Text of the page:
The Fibromyalgia Fall And Flicker

NYC - MoMA: Andrew Wyeth's Christina's World

Image by wallyg via Flickrfter

On one of those freezing days we suffered through recently I forced myself to do a couple of errands even though with Fibromyalgia, the 50 mph winds and cold temperatures are not my friends. I was proud after I did my first errand but then I fell on a step, hard. I found myself sprawled and hurt in front of a store.  I landed heavily on my left wrist and right knee. I had to wiggle my body closer so I could tap my nails on their door. A few times. I felt like Christina, in Andrew Wyeth’s  famous painting, Christina’s World. Finally, two women came out looking at me like I was a drug addict, alcoholic, or homeless person that  decided to crash there for a good time. The women opened the door a few inches. I said “I fell, I’m hurt,  I can’t move, can you help me up ?”” I can still see their suspicious faces as if I had hit them up for some heroin.  Finally, a man came running from the back of the store and moved the bitches, I mean women, aside. “What happened,” he cried “are you hurt? Let me help you.”  I was so thankful to hear kind words I could have cried. He came over, pulled me up, then made me come in to the store to sit down and asked if I wanted some cold water. This man became my prince for the day.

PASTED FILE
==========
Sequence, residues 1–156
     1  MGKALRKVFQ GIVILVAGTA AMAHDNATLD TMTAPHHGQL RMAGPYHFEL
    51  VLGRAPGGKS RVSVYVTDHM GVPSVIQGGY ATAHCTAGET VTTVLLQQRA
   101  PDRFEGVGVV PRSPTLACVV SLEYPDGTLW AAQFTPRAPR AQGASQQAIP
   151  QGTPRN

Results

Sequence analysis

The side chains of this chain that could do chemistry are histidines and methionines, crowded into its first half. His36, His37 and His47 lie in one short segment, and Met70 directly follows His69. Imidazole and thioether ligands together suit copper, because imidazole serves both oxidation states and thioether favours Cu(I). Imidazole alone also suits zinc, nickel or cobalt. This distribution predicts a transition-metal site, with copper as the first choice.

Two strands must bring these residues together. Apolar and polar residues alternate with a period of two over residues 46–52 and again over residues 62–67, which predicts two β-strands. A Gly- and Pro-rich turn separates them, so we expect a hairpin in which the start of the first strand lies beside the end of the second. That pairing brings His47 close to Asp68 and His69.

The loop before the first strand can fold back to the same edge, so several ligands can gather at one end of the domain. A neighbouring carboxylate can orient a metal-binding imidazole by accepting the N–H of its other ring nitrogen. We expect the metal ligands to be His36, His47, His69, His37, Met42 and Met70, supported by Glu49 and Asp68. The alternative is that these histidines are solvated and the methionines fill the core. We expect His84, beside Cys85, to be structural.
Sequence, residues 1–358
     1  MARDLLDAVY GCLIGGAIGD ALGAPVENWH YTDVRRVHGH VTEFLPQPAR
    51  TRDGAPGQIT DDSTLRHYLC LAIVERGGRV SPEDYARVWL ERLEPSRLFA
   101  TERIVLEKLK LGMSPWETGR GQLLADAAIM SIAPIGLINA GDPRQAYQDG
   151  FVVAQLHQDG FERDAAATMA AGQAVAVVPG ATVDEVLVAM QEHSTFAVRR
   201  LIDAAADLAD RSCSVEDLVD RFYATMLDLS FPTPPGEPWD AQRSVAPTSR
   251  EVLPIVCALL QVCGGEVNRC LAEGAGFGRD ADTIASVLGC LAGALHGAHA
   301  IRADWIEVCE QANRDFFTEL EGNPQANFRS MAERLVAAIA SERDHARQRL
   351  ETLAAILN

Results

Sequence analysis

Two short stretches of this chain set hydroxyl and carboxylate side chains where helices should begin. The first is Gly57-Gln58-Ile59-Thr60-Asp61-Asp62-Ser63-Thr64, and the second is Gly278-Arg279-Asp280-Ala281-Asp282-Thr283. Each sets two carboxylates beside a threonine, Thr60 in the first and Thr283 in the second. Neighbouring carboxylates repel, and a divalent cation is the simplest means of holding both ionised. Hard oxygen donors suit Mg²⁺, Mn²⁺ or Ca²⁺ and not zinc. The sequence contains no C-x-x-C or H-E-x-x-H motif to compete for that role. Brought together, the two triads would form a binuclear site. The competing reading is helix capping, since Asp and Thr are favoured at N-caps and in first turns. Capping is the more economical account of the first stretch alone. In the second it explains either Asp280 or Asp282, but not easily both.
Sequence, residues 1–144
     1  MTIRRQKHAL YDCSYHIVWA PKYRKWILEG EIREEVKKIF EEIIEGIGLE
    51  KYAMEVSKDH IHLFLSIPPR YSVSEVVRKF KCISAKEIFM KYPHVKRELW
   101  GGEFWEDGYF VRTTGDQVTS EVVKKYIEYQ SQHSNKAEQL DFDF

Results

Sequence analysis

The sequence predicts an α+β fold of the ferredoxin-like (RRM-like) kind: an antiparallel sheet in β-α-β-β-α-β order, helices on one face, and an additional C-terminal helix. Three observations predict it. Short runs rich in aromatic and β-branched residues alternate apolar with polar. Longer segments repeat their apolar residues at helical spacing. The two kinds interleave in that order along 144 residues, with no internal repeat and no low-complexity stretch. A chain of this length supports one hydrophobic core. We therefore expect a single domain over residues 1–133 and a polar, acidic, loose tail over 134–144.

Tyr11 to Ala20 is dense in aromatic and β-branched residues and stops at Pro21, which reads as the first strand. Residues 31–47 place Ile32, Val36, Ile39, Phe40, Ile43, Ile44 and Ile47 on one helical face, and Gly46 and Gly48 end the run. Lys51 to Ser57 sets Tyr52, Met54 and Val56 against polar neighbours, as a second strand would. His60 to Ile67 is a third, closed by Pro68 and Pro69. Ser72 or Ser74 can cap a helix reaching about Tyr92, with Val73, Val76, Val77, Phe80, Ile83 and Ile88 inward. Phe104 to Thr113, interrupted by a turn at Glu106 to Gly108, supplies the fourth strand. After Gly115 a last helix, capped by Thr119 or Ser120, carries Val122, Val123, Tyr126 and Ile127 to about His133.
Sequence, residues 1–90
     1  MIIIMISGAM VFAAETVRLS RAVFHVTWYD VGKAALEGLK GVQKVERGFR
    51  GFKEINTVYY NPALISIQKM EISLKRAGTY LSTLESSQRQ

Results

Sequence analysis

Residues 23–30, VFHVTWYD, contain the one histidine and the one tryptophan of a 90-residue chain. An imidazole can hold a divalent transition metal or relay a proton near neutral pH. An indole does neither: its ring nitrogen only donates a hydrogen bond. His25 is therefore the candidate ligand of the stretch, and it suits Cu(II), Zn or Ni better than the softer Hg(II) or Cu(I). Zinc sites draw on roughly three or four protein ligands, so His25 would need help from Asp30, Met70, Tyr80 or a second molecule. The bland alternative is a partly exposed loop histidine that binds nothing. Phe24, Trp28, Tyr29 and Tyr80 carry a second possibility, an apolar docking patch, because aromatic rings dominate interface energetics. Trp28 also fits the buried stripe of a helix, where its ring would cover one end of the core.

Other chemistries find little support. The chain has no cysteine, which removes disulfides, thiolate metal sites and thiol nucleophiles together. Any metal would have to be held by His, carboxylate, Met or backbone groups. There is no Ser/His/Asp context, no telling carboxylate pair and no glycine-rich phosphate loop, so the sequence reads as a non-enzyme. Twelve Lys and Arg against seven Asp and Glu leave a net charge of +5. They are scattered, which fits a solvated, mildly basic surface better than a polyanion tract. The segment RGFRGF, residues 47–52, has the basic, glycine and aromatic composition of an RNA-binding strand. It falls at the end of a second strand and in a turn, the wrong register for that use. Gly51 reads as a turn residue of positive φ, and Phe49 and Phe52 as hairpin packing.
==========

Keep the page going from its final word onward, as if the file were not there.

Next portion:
Driving home was excruciatingly painful but I had no choice. When I arrived, I sat down on our faded, green living room couch, put my head down and stayed there, not moving.  A few minutes later my husband came in, looked at my face and said “What’s wrong?”  I said ‘I fell’ and then told him the story. My wrist was incredibly painful. Knowing my history with loose bones and plenty of breaks and sprains, my daughter drove me to the doctor’s office. She’s 16 and a half, has her junior license and she sailed through the streets remaining  calm, kind and mature.

An x-ray was taken and I returned to his office for the results. I was thrilled that it was not broken or sprained but also incredulous because of the pain, I couldn’t move my hand.  He asked me for a list of medications that I took and I said Synthroid and Savella. His eyebrows furrowed, his voice became louder and firmer and he asked “what do you take Savella for?”  I answered “Fibromyalgia” and then I saw it. The flicker of suspicion in his eyes and the dismissive nod of his head. I then asked him what I should take for the excruciating pain and he snapped like the arrogant lizard he was and said “Motrin, that’s it.”  He shut my file loudly and ushered me quickly out the door. Fibromyalgia is still, for some people, a mystery and a question mark. I hadn’t seen that flicker of hostility and disbelief in a long time; I will never see it from THIS  ignorant doctor again.